The average cost for auto insurance in the United States is $900 a year. However, that rate can vary a lot depending on many factors.
Read on to learn what factors determine your car insurance rates and what you can do about it.
The Car You Drive
The price tag on your car will impact your car insurance rates. Especially if it’s a big SUV with a ton of technology.
Let’s say you get into a small fender bender. Well, just to replace that bumper with all that tech (sensors, cameras and so on) can reach up to $2000. A small, older model car that’s tech-free might only cost $500 for a new bumper.
Insurance companies take into account the price of repairs when they provide you with car insurance quotes. If repairs on your car cost more, so does your premium.
Yet, sometimes older cars are more expensive to insure than newer ones based on vehicle safety ratings and accident severity history.
Safety Ratings and Track Record
Your rate also depends on if you are driving a common car or something new. Insurance companies keep track of which cars have reoccurring mechanical or safety issues. If your car doesn’t have a great track record or is a common target for thieves, you can expect to pay more. Also if your car is new and hasn’t had time to prove itself, your insurance rates will also be higher.
Each car’s safety rating also plays a factor in car insurance rates. Auto safety ratings are set by the National Highway Traffic Safety Administration. The better the safety rating on your car, the lower your premium.
However, insurance companies don’t just take the administration’s word. They also compile data about their claims to make their own analysis of which cars are most frequently involved in claims.
A poor safety rating will usually mean a higher premium for you.
If your car is equipped with any kind of theft deterrent, it will save you a few bucks on your monthly insurance premiums.
A car alarm or a tracking device will likely make your car less appealing to thieves. And so that results in insurance savings for you.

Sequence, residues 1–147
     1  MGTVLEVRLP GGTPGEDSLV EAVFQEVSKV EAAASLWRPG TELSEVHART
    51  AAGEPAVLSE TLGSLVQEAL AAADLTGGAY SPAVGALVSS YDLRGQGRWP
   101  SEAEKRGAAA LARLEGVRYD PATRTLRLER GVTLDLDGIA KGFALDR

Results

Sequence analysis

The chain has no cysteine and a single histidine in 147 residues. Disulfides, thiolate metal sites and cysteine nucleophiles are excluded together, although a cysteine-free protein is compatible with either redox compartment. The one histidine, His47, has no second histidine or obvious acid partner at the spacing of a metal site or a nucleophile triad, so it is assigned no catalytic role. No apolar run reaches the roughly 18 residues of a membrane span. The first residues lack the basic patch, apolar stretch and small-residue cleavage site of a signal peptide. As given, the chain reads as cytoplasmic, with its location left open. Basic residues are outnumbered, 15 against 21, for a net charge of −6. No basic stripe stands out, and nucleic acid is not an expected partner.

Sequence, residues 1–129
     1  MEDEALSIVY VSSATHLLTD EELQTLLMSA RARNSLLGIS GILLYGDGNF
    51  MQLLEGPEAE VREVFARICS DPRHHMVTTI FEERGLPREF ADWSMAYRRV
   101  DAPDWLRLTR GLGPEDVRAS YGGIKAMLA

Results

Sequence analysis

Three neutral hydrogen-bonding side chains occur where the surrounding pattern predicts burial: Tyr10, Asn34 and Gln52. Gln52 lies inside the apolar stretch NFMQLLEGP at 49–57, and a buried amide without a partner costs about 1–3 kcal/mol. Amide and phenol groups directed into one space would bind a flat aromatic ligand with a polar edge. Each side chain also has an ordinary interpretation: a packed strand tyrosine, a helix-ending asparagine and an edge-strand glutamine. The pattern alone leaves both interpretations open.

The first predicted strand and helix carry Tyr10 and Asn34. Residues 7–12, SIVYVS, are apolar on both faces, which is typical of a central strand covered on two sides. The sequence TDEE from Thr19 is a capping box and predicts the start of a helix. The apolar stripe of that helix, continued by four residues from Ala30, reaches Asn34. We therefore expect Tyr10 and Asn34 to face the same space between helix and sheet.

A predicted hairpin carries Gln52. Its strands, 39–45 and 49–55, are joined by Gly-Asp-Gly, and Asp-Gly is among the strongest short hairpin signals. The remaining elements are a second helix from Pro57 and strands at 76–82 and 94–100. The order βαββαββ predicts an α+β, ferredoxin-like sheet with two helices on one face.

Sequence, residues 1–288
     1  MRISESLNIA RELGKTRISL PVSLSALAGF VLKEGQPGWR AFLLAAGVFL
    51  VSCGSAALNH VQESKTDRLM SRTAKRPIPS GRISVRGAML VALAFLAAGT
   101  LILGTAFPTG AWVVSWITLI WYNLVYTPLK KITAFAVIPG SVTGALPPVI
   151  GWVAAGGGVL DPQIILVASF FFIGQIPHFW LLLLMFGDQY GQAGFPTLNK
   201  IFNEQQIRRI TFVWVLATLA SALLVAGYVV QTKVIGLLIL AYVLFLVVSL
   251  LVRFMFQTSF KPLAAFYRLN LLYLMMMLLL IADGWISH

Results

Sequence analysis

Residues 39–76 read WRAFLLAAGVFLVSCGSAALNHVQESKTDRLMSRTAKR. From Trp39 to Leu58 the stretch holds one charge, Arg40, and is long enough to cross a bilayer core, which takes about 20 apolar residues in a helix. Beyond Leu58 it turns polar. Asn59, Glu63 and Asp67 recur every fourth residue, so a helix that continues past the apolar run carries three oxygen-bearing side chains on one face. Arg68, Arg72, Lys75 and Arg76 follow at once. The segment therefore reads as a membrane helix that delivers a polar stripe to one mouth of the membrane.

Size of Your Car
You may assume that a smaller car would mean a smaller premium. But that’s not necessarily true.
Often, larger cars like SUVs have higher safety ratings. That can mean lower premiums.
Your Driving History
One of the biggest factors in determining your insurance rates is your driving history. Insurance companies know that past performance predicts the future a lot of the time.
So if you’ve had speeding tickets, collisions, or other violations in the past several years, you will pay for it through higher rates.
On the flip side, a spotless track record on the road will save you a bundle on your car insurance premiums.
It sounds biased, but insurance companies may use your gender to assess your risk level.
Calculating risk involves using previous data to estimate how likely it is that you are going to be involved in a car accident.
Statistics show that women tend to drive fewer miles than male drivers. They are less likely to get a ticket for speeding or driving under the influence.
Men tend to buy cars that are more expensive and are more likely to get into a collision. That’s why car insurance companies typically charge men more for insurance.
Do the stats really back up this gender preference? Yes, they do.
The World Health Organization states that of all traffic deaths, 73% of them are males under the age of 25. That is a huge majority.
In fact, males are three times more likely to be killed in a crash than females in this age group.
This brings us to the next factor that determines your insurance premium: your age.
Drivers, both male, and female, under 25 years old will pay a higher premium until they reach 26 years old. Yet, the rates for young males will still be much higher than young females.
Once drivers hit 26, the insurance companies will trust that these drivers are safe on the road. At this point, the rates level out between the genders. But males will still pay a little more than women.
How Much You Drive
Do you have a 90-minute commute or do you work from home? It will make a difference in your car insurance rates.
It’s logical, really. If you spend less time on the road, you are less likely to be involved in a crash. The more miles you drive, the higher your risk of damage to your car.
Where You Live
Your address is also a factor that insurance companies consider.
Heavily populated urban centers tend to have higher theft, crash and vandalism incidents. That means you will pay more to insure your car.
Maybe this is the push you need to move into a suburban area that is safer for your car.
Bottom Line on Auto Insurance
Thanks for reading. We hope this post has helped you understand the various factors that affect your auto insurance rates.
Though you can’t control your gender, age and may not have much choice in where you live, you can control some things.
How much you drive and the car you choose to drive is up to you. And, as you practice good road safety, your clean driving record will help you get a low rate for years to come.
Ready to get a quote? Mathenia Insurance Group is ready to help drivers save on their car insurance in St. Louis and the surrounding Missouri area. Let’s get started.